Before You Begin
Start off your unit by sharing the pull-out Masterpiece Poster, Maya Culture, from the center of the September 2004 issue, or assemble a selection of photographs of Maya artificats for students to look at from books and Web sites (see "Maya Resources.")
Ask students to come up in pairs to study and discuss the images, which can include jewelry, masks, statues, and even household tools. (The poster also shows one of the many great stone temples that the Maya built.) Next, ask students: What do you know about the Maya? How do you think they created these artifacts? Then launch into your Maya study with the following activities, all of which correspond to a type of artifact found throughout Maya culture.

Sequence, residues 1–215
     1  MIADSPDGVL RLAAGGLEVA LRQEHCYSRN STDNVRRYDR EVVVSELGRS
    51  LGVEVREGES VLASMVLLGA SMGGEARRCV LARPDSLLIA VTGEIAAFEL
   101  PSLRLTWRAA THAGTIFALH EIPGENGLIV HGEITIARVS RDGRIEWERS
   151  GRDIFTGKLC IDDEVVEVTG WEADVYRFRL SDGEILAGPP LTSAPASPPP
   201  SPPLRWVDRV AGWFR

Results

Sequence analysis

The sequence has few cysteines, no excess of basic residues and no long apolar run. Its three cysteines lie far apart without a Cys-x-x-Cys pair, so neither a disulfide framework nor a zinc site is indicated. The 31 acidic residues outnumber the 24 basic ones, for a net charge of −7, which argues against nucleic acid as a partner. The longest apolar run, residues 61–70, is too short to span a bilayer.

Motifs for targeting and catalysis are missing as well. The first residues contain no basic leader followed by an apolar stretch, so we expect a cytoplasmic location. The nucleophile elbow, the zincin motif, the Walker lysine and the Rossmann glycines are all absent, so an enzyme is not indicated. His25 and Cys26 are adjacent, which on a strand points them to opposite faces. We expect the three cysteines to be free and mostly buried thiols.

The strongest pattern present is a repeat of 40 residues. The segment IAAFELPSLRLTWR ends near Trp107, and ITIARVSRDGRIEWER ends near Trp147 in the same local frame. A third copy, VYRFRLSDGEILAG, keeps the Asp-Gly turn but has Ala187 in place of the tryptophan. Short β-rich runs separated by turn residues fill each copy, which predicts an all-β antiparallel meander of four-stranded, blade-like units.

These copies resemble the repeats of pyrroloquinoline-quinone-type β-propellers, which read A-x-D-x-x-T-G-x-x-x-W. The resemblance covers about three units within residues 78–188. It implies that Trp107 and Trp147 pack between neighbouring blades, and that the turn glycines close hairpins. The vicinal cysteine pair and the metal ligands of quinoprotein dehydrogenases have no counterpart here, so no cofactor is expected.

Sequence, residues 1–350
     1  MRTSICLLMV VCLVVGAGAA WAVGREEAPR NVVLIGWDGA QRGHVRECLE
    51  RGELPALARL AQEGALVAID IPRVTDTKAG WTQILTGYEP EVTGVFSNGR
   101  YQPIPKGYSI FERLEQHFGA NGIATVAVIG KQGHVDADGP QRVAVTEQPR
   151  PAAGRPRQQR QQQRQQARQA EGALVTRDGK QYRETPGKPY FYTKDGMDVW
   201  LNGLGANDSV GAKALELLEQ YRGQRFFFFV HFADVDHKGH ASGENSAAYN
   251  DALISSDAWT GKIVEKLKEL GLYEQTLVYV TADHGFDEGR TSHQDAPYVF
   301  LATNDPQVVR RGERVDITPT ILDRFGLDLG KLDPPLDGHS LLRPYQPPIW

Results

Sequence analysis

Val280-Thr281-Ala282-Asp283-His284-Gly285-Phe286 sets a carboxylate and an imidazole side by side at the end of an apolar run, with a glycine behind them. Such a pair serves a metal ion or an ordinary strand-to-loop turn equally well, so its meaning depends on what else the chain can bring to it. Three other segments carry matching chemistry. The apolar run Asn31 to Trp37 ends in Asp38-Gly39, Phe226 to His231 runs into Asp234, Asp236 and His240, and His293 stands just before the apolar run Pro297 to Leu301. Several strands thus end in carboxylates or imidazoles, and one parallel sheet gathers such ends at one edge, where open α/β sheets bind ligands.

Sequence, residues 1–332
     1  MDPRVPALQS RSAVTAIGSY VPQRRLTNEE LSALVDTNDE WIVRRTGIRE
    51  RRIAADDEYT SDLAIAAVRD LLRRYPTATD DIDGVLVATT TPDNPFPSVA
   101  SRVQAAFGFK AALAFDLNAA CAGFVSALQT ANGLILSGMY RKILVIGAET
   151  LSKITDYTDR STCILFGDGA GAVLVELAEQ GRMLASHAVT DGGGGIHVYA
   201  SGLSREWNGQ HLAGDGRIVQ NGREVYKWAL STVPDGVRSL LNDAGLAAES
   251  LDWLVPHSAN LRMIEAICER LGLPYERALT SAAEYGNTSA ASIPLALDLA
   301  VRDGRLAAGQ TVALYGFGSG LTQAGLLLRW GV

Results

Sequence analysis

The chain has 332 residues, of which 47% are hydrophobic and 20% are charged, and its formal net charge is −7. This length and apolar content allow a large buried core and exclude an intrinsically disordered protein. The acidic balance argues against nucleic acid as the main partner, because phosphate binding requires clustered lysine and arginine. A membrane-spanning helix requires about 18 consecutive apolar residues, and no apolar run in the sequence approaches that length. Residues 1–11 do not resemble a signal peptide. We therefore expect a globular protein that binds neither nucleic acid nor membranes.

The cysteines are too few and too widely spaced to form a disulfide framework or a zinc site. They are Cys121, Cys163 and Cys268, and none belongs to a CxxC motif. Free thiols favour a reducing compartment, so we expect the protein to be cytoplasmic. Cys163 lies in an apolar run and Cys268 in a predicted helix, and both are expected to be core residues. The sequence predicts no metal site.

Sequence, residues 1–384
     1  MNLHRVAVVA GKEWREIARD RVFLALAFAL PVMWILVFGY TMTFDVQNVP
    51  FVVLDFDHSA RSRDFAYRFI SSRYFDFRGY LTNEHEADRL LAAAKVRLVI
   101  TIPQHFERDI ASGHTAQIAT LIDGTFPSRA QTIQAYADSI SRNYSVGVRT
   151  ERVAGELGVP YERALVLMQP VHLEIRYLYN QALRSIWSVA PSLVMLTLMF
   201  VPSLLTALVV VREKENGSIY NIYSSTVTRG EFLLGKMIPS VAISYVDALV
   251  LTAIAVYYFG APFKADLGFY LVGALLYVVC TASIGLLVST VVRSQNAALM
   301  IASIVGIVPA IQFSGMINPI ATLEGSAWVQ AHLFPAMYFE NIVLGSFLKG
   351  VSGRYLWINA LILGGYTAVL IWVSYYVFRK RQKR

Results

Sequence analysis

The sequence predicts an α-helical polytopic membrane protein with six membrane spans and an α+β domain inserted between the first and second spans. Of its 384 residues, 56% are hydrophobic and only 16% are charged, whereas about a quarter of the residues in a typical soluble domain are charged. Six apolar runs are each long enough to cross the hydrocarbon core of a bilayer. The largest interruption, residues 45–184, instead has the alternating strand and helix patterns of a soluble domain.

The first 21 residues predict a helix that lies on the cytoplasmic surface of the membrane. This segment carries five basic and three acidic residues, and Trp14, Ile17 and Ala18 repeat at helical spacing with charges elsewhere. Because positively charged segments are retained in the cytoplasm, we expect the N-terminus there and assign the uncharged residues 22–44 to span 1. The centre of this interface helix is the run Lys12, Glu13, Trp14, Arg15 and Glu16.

About the Maya
The Maya were one of the greatest New World civilizations. They excelled in the arts, mathematics, architecture, farming, and astronomy. The early Maya lived in villages, where they farmed corn, or maize. Hundreds of years later, they built vast city-states. It was during this time that the Maya made many advancements. They built great structures and studied the planets to create calendars, one of which had 365 days. And they did this all without modern technology! The Maya began declining around 900 A.D. due to warfare, drought, disease, and overpopulation. Spanish explorers conquered the remaining Maya in the 1500s.
MAYA FACT: Temple-pyramids are an amazing architectural achievement of the ancient Maya. One of the most famous of these is KukulcÃÂ¡n, or El Castillo, in ChichÃÂ©n ItzÃÂ¡, Mexico. It stands about 80´ high, and is 180´ wide on each side at its base. Carved monster masks adorn the temple.